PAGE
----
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International Women's Day and the Strive for Reproductive Autonomy


In the weeks leading up to this year’s International Women’s Day (IWD), the Alabama Supreme Court made a ruling in the case of a wrongful death lawsuit, determining that embryos are considered “extrauterine children.” The shifts began almost immediately; Alabama’s largest hospital, The University of Alabama at Birmingham hospital, announced they would no longer be performing procedures related to IVF. This has left thousands of families, thousands of women, in reproductive limbo.


This isn’t the first, or likely the last, attack on reproductive rights in the US or around the globe. According to the Center for Reproductive Rights, 40% of women worldwide live in countries with restrictive abortion laws, including in the US; in our country, 16 states ban abortion either at conception or after six weeks. An additional five states ban abortion after 12-18 weeks. 


In this era of limitations on women's autonomy, whether they want to get pregnant or want to terminate a pregnancy, it can feel futile, hopeless even, to move toward progress. And yet… doing just that is all we have. Over 100 years ago, International Women’s Day was established when thousands of women collectively protested against unfair wages and dangerous working conditions. The idea garnered traction internationally, inspiring women to protest for their rights to vote, work, and hold public office. In 1913, the day was officially set as March 8th and continues to be a day to celebrate the achievements of women around the globe while bringing light to the continued disenfranchisement and marginalization that women face globally. Their fight continues, though the issues at hand may have shifted here in our country.


One might wonder where to put their efforts or financial contributions to honor IWD. The following issues and associated organizations are a great launching point to learn more about where to focus time, energy, and funds on this IWD. 


  • Access to Reproductive Healthcare: This includes access to affordable contraception, prenatal care, abortion services, and maternal health services. Many women, especially those from low-income communities and communities of color, face barriers such as lack of insurance coverage, restrictive laws, and the closure of reproductive health clinics, making it difficult for them to access essential reproductive healthcare services. The Reproductive Health Access Program works to train clinicians and practitioners to increase access and can be found here: https://www.reproductiveaccess.org/


  • Reproductive Rights: International Women's Day serves as a platform to advocate for the protection of reproductive rights, including the right to make decisions about one's body and reproductive health without interference or coercion. This includes fighting against laws and policies that restrict access to abortion, impose waiting periods, mandatory counseling, and other barriers that infringe upon women's autonomy and decision-making. The Yellowhammer Fund is an abortion fund providing direct access to financial means to those seeking abortions in Alabama, Mississippi, and elsewhere in the South, and can be found here: https://www.yellowhammerfund.org/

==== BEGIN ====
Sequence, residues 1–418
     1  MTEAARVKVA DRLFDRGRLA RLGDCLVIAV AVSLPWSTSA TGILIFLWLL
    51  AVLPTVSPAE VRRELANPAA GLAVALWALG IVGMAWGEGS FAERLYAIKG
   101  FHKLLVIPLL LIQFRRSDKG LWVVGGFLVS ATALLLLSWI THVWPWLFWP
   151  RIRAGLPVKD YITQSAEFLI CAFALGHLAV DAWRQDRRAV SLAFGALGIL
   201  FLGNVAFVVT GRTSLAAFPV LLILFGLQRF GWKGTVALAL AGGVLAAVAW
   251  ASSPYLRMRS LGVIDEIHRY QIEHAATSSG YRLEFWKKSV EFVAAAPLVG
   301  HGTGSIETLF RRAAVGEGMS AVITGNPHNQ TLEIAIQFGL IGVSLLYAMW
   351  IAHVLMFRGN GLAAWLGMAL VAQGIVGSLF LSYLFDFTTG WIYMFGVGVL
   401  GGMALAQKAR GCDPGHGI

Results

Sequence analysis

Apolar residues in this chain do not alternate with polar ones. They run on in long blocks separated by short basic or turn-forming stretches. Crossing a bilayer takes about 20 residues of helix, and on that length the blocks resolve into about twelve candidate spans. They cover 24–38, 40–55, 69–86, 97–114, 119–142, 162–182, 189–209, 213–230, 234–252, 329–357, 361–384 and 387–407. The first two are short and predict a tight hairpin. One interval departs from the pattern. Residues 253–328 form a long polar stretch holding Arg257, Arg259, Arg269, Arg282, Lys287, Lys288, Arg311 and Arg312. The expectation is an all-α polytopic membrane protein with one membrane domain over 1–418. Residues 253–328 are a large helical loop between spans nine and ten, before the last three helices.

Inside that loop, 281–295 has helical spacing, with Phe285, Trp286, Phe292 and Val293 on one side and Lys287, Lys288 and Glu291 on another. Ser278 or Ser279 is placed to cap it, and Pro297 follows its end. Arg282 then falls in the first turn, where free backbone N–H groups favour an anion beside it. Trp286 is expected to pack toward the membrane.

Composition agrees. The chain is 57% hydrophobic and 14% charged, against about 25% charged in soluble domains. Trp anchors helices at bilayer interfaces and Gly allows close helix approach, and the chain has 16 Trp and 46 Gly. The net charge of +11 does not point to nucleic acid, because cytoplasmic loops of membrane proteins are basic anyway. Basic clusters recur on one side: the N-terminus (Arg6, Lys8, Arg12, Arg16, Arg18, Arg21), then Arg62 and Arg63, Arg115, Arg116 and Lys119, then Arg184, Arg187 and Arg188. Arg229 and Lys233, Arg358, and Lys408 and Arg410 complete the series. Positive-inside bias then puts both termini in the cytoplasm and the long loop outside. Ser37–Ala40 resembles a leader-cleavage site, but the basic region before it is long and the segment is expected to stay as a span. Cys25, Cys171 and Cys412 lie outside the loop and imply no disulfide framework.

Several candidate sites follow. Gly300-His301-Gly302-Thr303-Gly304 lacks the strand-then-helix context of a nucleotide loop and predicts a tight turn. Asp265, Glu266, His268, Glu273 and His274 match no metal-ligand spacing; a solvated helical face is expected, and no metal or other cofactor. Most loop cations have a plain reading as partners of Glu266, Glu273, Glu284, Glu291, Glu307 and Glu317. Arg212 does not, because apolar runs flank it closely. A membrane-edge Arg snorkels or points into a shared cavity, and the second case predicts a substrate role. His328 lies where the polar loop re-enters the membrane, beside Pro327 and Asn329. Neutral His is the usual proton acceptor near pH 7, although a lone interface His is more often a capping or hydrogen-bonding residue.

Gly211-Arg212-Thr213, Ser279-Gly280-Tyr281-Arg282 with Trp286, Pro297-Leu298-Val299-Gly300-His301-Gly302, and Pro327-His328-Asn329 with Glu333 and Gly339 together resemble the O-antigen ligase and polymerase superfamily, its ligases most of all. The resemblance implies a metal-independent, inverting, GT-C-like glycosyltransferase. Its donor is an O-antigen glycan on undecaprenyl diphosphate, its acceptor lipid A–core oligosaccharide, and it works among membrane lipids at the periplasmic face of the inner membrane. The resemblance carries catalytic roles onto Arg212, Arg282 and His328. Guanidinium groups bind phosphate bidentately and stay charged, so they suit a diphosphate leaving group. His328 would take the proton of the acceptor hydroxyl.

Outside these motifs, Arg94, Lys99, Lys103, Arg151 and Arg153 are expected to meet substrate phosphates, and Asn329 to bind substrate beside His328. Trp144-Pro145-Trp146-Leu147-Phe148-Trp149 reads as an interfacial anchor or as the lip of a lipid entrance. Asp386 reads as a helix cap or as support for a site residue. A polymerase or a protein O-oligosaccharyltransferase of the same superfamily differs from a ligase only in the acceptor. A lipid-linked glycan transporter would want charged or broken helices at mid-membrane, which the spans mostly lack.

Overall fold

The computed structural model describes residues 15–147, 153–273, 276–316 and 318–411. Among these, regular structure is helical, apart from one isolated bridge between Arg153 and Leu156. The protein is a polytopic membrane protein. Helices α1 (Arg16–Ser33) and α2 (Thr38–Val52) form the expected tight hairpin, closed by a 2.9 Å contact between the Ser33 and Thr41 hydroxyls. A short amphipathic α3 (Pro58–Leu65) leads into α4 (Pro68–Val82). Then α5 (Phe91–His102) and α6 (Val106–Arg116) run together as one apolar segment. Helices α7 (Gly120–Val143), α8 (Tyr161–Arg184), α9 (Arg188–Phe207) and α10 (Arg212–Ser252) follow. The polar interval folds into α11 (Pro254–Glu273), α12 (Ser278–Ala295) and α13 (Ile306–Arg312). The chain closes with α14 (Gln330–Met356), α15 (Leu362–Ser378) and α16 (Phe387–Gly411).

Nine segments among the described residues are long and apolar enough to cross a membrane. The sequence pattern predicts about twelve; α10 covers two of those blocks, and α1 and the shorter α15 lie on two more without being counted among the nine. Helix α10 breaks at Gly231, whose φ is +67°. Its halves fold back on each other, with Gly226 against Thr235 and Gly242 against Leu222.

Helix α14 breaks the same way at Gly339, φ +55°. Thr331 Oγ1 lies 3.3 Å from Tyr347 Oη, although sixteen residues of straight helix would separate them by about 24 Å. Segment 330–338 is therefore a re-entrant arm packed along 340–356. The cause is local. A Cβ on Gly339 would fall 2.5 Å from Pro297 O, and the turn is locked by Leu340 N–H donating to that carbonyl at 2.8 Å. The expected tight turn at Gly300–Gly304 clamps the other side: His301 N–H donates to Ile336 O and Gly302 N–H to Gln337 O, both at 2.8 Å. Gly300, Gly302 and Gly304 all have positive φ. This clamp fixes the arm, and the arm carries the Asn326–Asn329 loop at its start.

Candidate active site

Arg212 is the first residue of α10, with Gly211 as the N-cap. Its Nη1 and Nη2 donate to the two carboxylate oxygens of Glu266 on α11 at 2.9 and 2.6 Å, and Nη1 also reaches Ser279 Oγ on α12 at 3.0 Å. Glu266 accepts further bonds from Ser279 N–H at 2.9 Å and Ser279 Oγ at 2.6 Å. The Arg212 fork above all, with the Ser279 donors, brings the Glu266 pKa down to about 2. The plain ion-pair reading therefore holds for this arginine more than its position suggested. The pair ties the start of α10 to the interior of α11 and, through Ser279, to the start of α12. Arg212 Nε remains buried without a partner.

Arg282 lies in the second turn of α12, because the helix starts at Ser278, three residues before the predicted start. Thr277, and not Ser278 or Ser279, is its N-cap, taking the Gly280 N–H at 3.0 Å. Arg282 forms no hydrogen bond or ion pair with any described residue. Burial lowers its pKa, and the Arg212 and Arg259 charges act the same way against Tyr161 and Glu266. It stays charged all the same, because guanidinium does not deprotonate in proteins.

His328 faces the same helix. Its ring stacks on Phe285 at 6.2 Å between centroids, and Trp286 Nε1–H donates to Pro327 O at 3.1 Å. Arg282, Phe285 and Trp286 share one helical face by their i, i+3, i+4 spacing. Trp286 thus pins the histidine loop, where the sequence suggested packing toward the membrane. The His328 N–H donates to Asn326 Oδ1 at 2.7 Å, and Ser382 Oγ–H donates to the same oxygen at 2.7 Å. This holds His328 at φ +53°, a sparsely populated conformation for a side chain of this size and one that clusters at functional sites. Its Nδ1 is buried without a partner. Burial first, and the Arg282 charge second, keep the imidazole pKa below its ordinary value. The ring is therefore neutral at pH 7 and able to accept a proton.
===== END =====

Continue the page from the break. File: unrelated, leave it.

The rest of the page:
• Maternal Health Disparities: Women of color in the United States face disproportionately high rates of maternal mortality and morbidity compared to white women. International Women's Day provides an opportunity to address these racial disparities in maternal health outcomes and advocate for policies and programs that prioritize maternal health equity and address the root causes of these disparities. Black Mamas Matter Alliance advocates for change at the legislative level in addition to offering events and conferences focusing on increasing knowledge about health disparities impacting Black women. They can be found here: https://blackmamasmatter.org/ 


  • Perinatal Mental Health: Postpartum depression, anxiety, and other mood disorders affect up to 1 in 5 new mothers, impacting bonding, parenting, and family dynamics. Limited screening protocols and healthcare provider training further compound the issue. While strides have been made in recognizing perinatal mental health as a public health priority, comprehensive strategies are needed to ensure timely identification, intervention, and support, ultimately fostering healthier outcomes for mothers and infants alike. Postpartum Support International works to train clinicians in providing care specific to those in the perinatal period, in addition to offering direct support to those coping with various perinatal mood and anxiety disorders. They can be found here: https://www.postpartum.net/

International Women’s Day is a time to raise awareness, advocate for change, and stand in solidarity with those who are fighting for their rights and autonomy. It is a reminder of the ongoing struggle for gender and reproductive justice and the importance of collective action to address systemic inequalities. To quote Maya Angelou, “no one of us can be free until everybody is free.” Let us remember this on International Women’s Day, and all days, to move the needle of progress toward the light of justice.

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